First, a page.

Behind the Muhlenbergia capillaris that lines the driveway,…
Behind the ever expanding bed that holds the muhly grass, behind the new plantings that were inspired by the Lurie in Chicago, the Fairelurie, (click here to read about it) …
…there is the lawn. The only lawn grass on the entire property, a concession to the Financier who wanted a patch of green grass for the family to play on and a token to the neighborhood of trying to blend in to the other houses on the block. It is not a good play area though, for it is not level enough nor wide enough for even a small game of frisbee catching, let alone football, baseball or soccer. Don’t even think about basketball. This warts and all shot from 2003, very warty!, shows the messy pampas grass still living in the middle driveway island bed down by the street, the row of tiny Arborvitae, a collection of potted plants waiting to go to Semi’s brand new home, the gas guzzler, the walking path lined with egg rock with an old stump placed in the middle, (what was I thinking!), the just paved driveway looking blindingly bright and the newly seeded lawn. The staked tree like thing is a butterfly bush standard, now replaced with the witch hazel, Hamamelis ‘Arnold’s Promise’.
Oldest offspring MA, son of offspring Chickenpoet was helping us out with the reel lawnmower at age five. He is now eleven and would have no problem pushing that heavy mower. The line of muhly is not even a figment of our imagination yet. The things sticking up at the driveway edge are the seed heads of liriope, which rims the entire lawn space so there is no edging needed. I hate to edge. There are those who want to do away with lawn and those who have successfully done so. We enjoy having a little green, thinking of it as just another plant growing here. Deborah, (Kilbourne Grove) of Green Theatre has written about her lawn thoughts here.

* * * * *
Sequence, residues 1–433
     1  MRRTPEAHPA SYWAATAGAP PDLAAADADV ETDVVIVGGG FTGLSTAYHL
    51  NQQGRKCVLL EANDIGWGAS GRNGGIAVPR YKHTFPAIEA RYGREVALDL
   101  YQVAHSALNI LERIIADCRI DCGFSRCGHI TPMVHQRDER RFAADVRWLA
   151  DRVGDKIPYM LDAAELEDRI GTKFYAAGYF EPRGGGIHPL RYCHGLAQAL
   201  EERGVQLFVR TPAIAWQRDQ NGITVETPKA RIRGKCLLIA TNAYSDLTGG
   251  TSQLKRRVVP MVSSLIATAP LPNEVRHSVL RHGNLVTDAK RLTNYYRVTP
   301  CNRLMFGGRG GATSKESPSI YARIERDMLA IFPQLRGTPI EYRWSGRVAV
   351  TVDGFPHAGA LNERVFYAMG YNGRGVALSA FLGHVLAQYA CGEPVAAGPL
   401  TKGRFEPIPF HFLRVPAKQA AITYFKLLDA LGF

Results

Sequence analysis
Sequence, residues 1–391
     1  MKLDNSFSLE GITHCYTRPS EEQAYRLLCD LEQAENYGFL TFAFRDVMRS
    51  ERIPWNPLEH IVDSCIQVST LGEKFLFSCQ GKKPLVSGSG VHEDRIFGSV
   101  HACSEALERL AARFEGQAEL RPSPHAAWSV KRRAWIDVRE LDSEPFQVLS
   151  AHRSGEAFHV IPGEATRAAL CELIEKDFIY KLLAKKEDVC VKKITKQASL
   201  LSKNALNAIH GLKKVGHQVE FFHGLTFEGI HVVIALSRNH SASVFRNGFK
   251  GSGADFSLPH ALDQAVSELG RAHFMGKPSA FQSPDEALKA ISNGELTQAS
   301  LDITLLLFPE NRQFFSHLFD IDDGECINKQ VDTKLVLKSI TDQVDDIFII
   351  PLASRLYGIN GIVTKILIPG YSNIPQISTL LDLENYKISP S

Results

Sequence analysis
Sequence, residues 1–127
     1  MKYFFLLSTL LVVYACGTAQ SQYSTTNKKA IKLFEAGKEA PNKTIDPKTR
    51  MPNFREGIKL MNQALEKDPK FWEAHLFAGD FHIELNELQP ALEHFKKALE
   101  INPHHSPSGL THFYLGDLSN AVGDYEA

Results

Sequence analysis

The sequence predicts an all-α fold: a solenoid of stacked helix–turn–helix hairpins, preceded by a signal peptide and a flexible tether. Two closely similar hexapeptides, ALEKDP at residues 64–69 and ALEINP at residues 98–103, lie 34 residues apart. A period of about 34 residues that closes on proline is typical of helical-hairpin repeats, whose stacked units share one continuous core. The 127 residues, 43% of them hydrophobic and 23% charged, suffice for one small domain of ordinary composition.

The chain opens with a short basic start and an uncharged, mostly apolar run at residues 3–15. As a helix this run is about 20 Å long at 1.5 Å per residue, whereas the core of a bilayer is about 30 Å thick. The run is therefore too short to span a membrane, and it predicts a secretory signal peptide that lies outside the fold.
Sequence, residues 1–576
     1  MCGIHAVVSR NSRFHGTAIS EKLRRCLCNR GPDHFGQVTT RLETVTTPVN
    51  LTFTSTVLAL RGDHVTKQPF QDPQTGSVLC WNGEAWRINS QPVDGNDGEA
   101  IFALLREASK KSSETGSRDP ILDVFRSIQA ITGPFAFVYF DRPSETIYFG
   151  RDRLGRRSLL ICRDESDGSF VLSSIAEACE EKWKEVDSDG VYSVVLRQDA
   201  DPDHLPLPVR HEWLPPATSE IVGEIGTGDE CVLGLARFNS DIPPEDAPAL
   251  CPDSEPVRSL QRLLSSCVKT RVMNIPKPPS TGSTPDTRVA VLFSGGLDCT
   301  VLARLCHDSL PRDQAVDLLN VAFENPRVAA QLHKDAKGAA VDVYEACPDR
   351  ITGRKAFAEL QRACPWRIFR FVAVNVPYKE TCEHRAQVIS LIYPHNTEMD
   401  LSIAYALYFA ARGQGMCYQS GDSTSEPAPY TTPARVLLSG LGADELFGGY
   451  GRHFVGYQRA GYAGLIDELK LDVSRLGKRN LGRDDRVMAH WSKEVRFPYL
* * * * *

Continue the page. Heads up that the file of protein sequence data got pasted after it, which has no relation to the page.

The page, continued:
Fast forward to present day, August eighteenth of this year to be exact. Inspiration from various magazine, book and blog articles led us to try cutting paths through the lawn in a design. It is supposed to suggest a fan shape, except the far right portion is upside down due to the shape of the space. I wanted the paths between the sections to be two mowing strips wide for ease of maintenance. The paths were cut shorter than normal to show the contrast between the cut and the uncut. We had to abandon the reel mower in favor of the easier to push corded electric model some years ago.
One thing that was noticed immediately was how fast the paths would grow to nearly the same height as the uncut fans. More frequent mowing at shorter heights helped to keep the design in place. It is hoped that as the fans grow taller there will be less frequent path mowing needed. The entire mowing process takes less than ten minutes, including cleaning the lawnmower and depositing the clippings into the compost bin.